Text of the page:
31. The Dogwood
911 W. 36th Street, 410-889-0952
We can thank Galen Sampson for so many things—bringing his cooking talents to Baltimore, serving delicious foods emphasizing local ingredients, recognizing area farmers, and helping the homeless and recovering addicts through a restaurant-training program. His wife, Bridget, who co-owns Dogwood with her husband, is also a big part of the story. Since it opened, The Dogwood has cleverly blended the comfort of a neighborhood spot with outstanding preparations from the kitchen. We find the twinkly lights and bright stars hanging from the ceiling a charming addition to the pastel-colored walls. You don't even realize you're in a basement. But it's really the food that's the draw. On any given day, you might succumb to a dense, Baltimore-style crab soup or garlicky escargots cleverly tucked into a tender, edible miniature pumpkin—or entrées like the duo of lamb (a small rack and braised shank) and an Alaskan halibut wrapped in carrots, parsnips, and leeks. Desserts are house-made and fun, whether a lemon tart humorously decorated with blueberries made into a smiley face or a rich carrot cake with dreamy, cream-cheese icing.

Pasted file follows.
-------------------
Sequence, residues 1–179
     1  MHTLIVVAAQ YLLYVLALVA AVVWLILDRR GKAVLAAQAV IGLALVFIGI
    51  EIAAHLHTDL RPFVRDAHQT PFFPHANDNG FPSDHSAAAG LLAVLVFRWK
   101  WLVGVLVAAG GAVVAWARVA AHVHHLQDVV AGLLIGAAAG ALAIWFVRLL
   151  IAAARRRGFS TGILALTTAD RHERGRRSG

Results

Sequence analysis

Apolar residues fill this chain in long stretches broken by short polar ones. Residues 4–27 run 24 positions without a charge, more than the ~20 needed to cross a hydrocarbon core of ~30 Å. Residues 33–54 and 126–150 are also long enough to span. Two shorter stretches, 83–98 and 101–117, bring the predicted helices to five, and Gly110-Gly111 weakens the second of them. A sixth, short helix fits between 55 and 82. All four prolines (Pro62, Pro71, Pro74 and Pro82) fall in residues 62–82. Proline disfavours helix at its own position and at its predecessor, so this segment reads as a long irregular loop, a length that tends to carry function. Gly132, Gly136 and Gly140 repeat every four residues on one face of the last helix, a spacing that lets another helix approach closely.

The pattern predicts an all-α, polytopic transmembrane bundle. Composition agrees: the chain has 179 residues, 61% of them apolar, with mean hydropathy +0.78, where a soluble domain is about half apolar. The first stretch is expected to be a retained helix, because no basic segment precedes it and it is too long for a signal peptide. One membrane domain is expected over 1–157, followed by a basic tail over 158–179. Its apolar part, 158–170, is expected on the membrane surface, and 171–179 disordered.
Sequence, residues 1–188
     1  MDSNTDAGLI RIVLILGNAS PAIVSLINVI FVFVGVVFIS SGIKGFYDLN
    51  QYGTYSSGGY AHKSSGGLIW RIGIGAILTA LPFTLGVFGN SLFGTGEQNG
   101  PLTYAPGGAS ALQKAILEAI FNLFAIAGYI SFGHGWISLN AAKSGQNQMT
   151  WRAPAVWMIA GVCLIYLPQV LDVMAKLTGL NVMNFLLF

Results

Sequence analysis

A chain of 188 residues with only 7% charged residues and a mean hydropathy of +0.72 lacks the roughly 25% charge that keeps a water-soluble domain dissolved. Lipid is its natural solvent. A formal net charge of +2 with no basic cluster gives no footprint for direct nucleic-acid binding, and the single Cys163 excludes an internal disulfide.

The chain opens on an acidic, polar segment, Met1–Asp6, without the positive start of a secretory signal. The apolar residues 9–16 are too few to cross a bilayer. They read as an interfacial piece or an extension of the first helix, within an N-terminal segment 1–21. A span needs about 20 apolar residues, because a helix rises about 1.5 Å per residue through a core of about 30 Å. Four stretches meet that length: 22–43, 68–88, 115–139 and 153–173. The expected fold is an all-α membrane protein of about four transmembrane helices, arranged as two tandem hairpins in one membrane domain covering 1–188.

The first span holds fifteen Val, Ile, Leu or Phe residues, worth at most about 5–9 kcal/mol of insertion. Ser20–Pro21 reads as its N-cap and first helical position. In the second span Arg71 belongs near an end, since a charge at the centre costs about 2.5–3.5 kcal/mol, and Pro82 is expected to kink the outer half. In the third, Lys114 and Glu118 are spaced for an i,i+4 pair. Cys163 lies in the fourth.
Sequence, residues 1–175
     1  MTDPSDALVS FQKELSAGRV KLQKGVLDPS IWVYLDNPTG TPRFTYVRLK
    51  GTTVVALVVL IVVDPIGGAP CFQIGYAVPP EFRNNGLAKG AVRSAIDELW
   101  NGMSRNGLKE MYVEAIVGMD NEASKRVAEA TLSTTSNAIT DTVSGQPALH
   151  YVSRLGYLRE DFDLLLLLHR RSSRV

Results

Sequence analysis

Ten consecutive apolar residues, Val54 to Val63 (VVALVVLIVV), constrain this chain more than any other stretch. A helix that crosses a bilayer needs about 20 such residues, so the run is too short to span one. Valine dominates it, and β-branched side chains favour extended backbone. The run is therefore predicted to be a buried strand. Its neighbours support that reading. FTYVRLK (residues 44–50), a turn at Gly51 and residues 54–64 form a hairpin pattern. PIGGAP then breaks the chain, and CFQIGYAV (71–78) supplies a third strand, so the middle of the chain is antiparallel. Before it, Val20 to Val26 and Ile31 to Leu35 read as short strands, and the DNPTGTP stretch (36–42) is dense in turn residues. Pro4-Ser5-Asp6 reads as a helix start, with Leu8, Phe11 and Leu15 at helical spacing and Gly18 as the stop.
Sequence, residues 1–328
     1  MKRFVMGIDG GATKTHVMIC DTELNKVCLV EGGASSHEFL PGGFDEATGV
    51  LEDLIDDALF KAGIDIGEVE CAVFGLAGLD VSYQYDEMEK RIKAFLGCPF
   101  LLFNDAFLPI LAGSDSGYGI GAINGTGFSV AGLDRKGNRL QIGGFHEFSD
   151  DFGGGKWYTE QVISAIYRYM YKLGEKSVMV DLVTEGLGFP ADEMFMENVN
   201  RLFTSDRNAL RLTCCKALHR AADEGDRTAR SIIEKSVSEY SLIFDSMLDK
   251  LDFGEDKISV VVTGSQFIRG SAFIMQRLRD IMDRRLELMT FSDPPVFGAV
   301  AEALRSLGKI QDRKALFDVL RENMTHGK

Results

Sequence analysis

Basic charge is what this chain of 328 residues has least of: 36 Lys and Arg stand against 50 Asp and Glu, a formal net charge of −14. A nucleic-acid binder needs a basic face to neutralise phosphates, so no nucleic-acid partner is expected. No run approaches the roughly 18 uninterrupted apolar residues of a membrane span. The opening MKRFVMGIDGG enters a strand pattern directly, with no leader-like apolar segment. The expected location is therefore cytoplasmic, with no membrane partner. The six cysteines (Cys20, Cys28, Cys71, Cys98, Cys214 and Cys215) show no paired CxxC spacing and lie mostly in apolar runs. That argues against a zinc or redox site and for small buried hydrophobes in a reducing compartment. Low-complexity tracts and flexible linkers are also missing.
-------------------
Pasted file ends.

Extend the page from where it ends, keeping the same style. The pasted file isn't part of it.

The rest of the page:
32. Jack's Bistro
3123 Elliott Street, 410-878-6542
Leave it to executive chef/owner Ted Stelzenmuller to adopt a cooking method most of us have never heard of—sous vide. Pioneered in Europe, it's a technique by which food is vacuum packed in pouches and then heated in water at a constant temperature to achieve peak flavors and moistness. We appreciate the chef's efforts to show us new stuff. A sous vide pork loin turned out to be a juicy, fork-tender slab of meat, and sous vide "steamed shrimp" were plump, sweet morsels in their shells. The chef has a terrific knack for mixing and matching ingredients in clever ways. A Spanish "chorizo thing" is masterful with 12-year-old Manchego cheese and grand-reserve sherry vinegar. A bistro crab cake is whackily paired with mashed Okinawa purple sweet potatoes. Desserts also keep the surprises coming. Pink-peppercorn-and-lavender ice cream with a warm sugar cookie soothes the palate. But we don't think anyone leaves here without ordering the fried s'mores (nor should they), two decadent graham cracker-chocolate-marshmallow cookies with chocolate sauce and s'mores ice cream.
33. TD Lounge
1717 Eastern Avenue, 410-534-5650